Oops! Haven't posted here at Rogue Eggplant in a good long while - even on Garden Bloggers' Bloom Day, since for the last couple of months the 15th hasn't worked out for me (same will be true this month).
Also, our summer has been taken up by a much-too-lengthy porch and deck construction project - lovely results, and I hope it will finally be over with the last electrical work tomorrow, but it's limited the amount of gardening that I could do in the immediate vicinity, in the areas taken over by piles of construction materials and stuff moved out of the way, and really in most of the yard during the time that the workers were there. Plus, a wet early summer has been followed by a horribly hot and dry later summer, and I was ill for a while, so aside from watering and a bit of weeding... I just haven't done much except in the community garden (which has been producing quite well). Therefore, not much to write about, and the yard is a mess.
However, the end of the summer (and a bit of cooler weather) has brought some new inspiration. I've barely dared to look at the Way Back in recent months - here it is, not looking too awful since I'd just mowed it:
but ALL of that grassy area is now Japanese stilt grass (an aggressive invader and not desirable as lawn). I think if we keep it mowed, we may be able to stop it spreading, since it's an annual that spreads by seed. (It's now in all the forest areas around here, where there was little or no ground cover before. And it grows equally well in sun.) If we wish, we could treat in the spring with pre-emergent herbicide, and then seed later with better grass and hope it takes.
Anyway, since my attitude toward lawn is usually "it's green, who cares," that's a minor issue compared with the condition of the former vegetable garden. Its sorry history: after a long period of increasing groundhog incursions, we put up a really good fence to keep out all critters including deer, and expanded the garden in the process - which would have been great if a) I'd been energetic about developing the expanded area in the first year; b) we didn't have such an incredible weed seed reservoir, rootstocks of elderberry and pokeweed, and fertile soil; c) we'd realized that the trees nearest the garden were getting tall enough to shade it. I gave it up for vegetables when the shade got too much, moved those operations to the community garden, and started planting fruit - but then couldn't keep up with the weeds. I have actually cleared weeds inside half to two-thirds of the fenced area three times this year, and it's still a horrible mess. Here's the worst part:
It would have been a possible project, if I'd had more time, energy, and mulch, but it's just a frustrating mess. And, poking around yet again yanking weeds and pulling morning glory off the fence, I came to the sudden realization that the fence is the problem.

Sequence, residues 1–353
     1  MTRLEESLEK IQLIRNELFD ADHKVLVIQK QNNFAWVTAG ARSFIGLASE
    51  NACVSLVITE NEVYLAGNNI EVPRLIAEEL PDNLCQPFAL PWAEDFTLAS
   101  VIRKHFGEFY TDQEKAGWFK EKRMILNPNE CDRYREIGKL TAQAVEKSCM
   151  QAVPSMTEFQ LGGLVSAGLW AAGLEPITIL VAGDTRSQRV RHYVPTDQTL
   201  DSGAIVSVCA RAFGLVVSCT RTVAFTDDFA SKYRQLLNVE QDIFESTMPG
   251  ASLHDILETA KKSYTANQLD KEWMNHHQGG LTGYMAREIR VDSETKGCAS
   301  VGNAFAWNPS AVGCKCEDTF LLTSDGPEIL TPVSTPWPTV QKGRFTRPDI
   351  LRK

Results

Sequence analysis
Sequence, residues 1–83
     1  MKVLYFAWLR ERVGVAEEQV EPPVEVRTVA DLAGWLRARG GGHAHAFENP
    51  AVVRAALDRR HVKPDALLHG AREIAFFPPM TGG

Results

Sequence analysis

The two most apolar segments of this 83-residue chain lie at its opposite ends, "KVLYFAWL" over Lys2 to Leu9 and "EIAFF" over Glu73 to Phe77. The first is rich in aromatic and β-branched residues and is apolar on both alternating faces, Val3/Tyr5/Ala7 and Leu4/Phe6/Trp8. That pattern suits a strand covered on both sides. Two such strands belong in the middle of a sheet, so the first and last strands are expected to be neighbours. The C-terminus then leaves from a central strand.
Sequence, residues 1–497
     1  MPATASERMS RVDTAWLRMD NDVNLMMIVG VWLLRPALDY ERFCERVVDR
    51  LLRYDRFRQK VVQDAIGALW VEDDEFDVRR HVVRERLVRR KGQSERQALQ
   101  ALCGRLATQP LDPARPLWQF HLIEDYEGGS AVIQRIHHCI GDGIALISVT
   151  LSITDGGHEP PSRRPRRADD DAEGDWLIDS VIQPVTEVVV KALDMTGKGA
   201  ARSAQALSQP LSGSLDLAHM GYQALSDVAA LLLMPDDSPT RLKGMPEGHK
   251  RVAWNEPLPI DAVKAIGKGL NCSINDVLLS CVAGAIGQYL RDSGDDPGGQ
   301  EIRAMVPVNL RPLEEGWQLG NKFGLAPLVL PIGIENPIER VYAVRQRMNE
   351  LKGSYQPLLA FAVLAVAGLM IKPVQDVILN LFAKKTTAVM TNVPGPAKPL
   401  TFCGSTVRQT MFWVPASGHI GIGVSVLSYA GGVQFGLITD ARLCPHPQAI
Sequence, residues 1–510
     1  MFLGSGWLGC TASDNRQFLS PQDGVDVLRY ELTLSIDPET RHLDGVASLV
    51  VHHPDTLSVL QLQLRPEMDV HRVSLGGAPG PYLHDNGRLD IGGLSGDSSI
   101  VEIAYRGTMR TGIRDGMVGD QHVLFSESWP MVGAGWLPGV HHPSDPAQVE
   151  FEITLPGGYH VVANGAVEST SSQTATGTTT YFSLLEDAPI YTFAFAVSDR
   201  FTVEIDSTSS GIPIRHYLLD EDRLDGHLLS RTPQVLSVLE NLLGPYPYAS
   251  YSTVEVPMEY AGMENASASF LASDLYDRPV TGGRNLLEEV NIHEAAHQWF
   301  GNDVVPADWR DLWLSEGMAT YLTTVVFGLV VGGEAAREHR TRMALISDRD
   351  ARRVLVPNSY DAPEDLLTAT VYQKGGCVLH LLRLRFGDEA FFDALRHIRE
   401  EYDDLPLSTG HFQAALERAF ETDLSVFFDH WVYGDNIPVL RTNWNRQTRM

Well, not the only problem, obviously - but it has become its own weed zone, with intractable roots and lots of nooks in between the three layers of fencing for seeds to germinate and grow. It also makes movement of plant materials, people, and hoses difficult - there's a water source inside the fence, but right now I can't get the hose attached to it outside the fence to water trees and so forth. And now that I'm not growing vegetables in there, I really don't need the fence as much, since individual fruit plants can be temporarily fenced until they're big enough to withstand deer browsing, and a deer fence doesn't keep out birds and squirrels anyway. (It also isn't keeping the groundhogs out at the moment, and I don't have the energy to figure out one more time where they're getting in.)
So: I'm taking it down over the course of this fall. (Actually I'm hoping that my able assistants will do this while I'm away the next couple of weeks, but we'll see. They have other projects, of which more later.) I've already put small fences around some of the plants that will be exposed as a result:
And my long-term goal for this whole Way Back area is to apply some permaculture principles to it, turning it into a combination of food forest and native plant garden. This means that, for example, I can let the damn elderberry grow in most of the areas it wants to, because I won't have to think "no elderberry inside the fence." I can try to maintain the existing black raspberry plantation, but if it ends up going wild I'll just learn to prune it with a weed whacker. I'll plant things that can take some shade under the trees that are already in place, and will put in some additional small trees and shrubs, plus perennials and ground covers, both food-bearing and non-. There will be a lot of experimentation to see what our animal friends snack on and how I can urge them away - some interesting hints in this book - and probably some heartbreak as plants are eaten or otherwise fail. I don't think it'll be easy, but it can't be harder than it has been.
Also cheering: in the middle of the weedy and neglected "fruit patch," even though some plants are doing poorly, others are thriving, especially the currants:
(Especially once I'd pulled the morning glory off them.) They really do like the shady conditions I have them in, and seem to like the soil. So definitely planting more of those (I hope they don't all get munched by deer). And the red and yellow raspberries didn't actually die, at least not most of them, and with the rethinking I now have a perfect place for the poor little fig tree that's been dragged around from pot to spot-now-under-new-deck to pot again. I'll wrap it up this winter and cross my fingers it survives, but it does have sun and a windbreak and room to grow now, so there's hope.
Many updates to come, with any luck.